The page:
Catalonia has made little progress toward either independence or normalizing relations with the rest of Spain since its failed attempt to break away a year ago.
Spain has returned home rule to the region, which it suspended in the wake of the 2017 referendum, and the new prime minister, Pedro Sánchez, sounds more conciliatory than the last.
But two activists and seven politicians remain in pretrial detention for their role in the 2017 vote, which the Spanish Constitutional Court had ruled illegal. Four have gone on hunger strike to protest the fact that their trial still hasn’t started after one year.
Former Catalan president Carles Puigdemont and six other leaders remain in self-imposed exile in other parts of Europe, knowing that if they return to Spain they will be arrested.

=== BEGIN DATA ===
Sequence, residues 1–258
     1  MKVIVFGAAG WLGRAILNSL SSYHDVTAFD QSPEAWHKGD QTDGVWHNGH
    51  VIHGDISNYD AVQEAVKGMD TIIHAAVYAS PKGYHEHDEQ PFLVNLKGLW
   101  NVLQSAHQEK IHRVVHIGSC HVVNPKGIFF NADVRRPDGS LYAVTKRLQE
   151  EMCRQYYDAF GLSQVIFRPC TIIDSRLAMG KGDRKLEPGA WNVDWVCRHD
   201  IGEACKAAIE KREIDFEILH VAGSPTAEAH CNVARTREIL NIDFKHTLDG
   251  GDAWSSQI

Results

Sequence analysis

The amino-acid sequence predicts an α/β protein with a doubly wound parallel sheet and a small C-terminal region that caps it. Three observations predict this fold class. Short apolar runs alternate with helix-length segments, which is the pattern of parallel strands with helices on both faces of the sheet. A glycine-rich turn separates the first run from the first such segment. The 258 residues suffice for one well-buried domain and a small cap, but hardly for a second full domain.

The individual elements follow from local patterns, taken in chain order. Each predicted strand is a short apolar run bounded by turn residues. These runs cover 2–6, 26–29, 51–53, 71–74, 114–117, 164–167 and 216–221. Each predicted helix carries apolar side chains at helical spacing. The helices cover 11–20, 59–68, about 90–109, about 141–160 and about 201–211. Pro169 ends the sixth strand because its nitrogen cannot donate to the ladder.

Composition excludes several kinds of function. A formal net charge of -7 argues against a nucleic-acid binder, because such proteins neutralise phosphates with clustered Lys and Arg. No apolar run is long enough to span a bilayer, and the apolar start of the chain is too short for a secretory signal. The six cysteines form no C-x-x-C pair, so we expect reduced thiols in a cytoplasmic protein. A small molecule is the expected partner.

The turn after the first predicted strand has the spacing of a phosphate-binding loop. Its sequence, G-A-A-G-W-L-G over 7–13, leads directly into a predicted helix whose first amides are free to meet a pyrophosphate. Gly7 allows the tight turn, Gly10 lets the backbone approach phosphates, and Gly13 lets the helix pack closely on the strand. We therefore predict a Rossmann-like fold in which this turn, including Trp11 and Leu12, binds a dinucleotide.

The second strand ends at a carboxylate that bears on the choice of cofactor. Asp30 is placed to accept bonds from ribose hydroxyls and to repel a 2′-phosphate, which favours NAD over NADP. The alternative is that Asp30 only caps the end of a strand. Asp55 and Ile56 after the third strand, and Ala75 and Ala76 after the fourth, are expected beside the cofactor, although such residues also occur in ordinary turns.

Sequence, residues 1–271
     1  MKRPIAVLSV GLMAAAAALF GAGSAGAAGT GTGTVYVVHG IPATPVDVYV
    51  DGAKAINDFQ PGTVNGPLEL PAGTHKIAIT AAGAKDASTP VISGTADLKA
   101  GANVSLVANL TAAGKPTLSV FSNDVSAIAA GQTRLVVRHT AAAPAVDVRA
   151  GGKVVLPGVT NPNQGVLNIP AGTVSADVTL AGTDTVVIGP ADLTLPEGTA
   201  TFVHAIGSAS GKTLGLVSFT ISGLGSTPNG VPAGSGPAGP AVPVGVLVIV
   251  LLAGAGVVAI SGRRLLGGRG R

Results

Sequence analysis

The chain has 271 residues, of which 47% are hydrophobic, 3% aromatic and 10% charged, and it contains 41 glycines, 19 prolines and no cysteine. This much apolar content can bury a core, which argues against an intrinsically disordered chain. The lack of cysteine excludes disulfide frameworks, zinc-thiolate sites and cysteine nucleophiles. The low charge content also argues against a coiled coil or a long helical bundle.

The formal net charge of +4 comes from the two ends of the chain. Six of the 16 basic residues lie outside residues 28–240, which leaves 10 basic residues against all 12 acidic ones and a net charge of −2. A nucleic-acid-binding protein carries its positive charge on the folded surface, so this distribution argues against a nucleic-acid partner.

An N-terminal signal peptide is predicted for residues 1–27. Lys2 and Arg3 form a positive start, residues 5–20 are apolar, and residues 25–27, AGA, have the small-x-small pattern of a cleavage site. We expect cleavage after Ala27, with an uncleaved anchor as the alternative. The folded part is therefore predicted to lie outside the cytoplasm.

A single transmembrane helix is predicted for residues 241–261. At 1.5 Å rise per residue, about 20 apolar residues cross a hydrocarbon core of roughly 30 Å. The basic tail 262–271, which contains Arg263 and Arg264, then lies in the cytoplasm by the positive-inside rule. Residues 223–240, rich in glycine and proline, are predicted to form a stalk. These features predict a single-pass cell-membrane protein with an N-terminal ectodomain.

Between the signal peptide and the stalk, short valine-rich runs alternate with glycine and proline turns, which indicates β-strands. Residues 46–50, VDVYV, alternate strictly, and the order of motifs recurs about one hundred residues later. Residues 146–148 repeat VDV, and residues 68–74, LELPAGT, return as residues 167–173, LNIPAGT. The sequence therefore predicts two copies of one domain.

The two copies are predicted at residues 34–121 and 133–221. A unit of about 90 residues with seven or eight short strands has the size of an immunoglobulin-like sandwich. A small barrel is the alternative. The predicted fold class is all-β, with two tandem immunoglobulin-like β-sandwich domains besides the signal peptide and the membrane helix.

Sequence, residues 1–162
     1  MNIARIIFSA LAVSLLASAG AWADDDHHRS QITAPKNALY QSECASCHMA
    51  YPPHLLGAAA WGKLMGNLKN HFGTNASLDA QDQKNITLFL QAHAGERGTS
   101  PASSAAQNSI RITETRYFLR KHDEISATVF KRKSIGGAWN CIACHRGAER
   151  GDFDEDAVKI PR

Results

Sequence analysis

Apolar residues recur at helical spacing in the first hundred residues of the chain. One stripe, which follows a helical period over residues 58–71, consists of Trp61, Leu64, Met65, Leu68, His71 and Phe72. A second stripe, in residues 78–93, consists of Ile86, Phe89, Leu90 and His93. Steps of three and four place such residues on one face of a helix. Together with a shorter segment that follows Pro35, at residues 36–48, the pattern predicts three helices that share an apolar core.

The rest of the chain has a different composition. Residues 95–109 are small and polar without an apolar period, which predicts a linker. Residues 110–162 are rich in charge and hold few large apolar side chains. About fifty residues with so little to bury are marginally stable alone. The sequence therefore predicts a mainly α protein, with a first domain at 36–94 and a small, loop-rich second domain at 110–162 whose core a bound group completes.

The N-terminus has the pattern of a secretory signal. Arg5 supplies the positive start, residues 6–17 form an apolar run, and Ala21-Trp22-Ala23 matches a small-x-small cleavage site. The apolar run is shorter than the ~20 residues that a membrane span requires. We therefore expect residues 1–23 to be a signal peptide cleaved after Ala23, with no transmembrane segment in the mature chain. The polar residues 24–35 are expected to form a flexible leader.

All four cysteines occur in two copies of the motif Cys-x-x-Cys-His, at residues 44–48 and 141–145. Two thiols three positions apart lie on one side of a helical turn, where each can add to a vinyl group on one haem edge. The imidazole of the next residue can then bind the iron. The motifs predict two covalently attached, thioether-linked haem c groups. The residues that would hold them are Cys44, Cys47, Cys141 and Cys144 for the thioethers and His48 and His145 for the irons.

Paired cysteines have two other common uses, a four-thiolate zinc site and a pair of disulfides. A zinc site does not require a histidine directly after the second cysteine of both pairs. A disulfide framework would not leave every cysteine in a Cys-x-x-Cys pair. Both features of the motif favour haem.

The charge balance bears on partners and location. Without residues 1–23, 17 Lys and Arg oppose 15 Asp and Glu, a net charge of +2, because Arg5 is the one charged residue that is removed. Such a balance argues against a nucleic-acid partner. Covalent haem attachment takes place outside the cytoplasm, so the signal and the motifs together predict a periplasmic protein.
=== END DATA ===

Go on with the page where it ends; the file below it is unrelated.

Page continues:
Threats and demands
Sánchez needs the Catalans for his majority in the national parliament but is unwilling to meet their key demand — a legal referendum on independence — knowing that would infuriate voters elsewhere in Spain.
The separatist parties — Puigdemont’s Together for Catalonia, now led by Quim Torra, and the Republican Left — have not made good on their threat to vote Sánchez out, knowing that his successor would almost certainly take a harder line.
Little change in the polls
Polls show little change in Catalonia. Together for Catalonia and the Republican Left continue to split around 40 percent of the vote. The separatist far left is at 5 percent support, enough to give its allies a majority in the regional parliament.
Sánchez still leads in national surveys, but after the surprising performance of the far-right party Vox in regional elections in Andalusia earlier this month its popularity has shot up to almost 10 percent. It could now give the mainstream right a majority whereas Sánchez’ alliance with the far left and regionalist parties is stuck at 40 percent.
So a year has been wasted — and it doesn’t look like 2019 will be any different.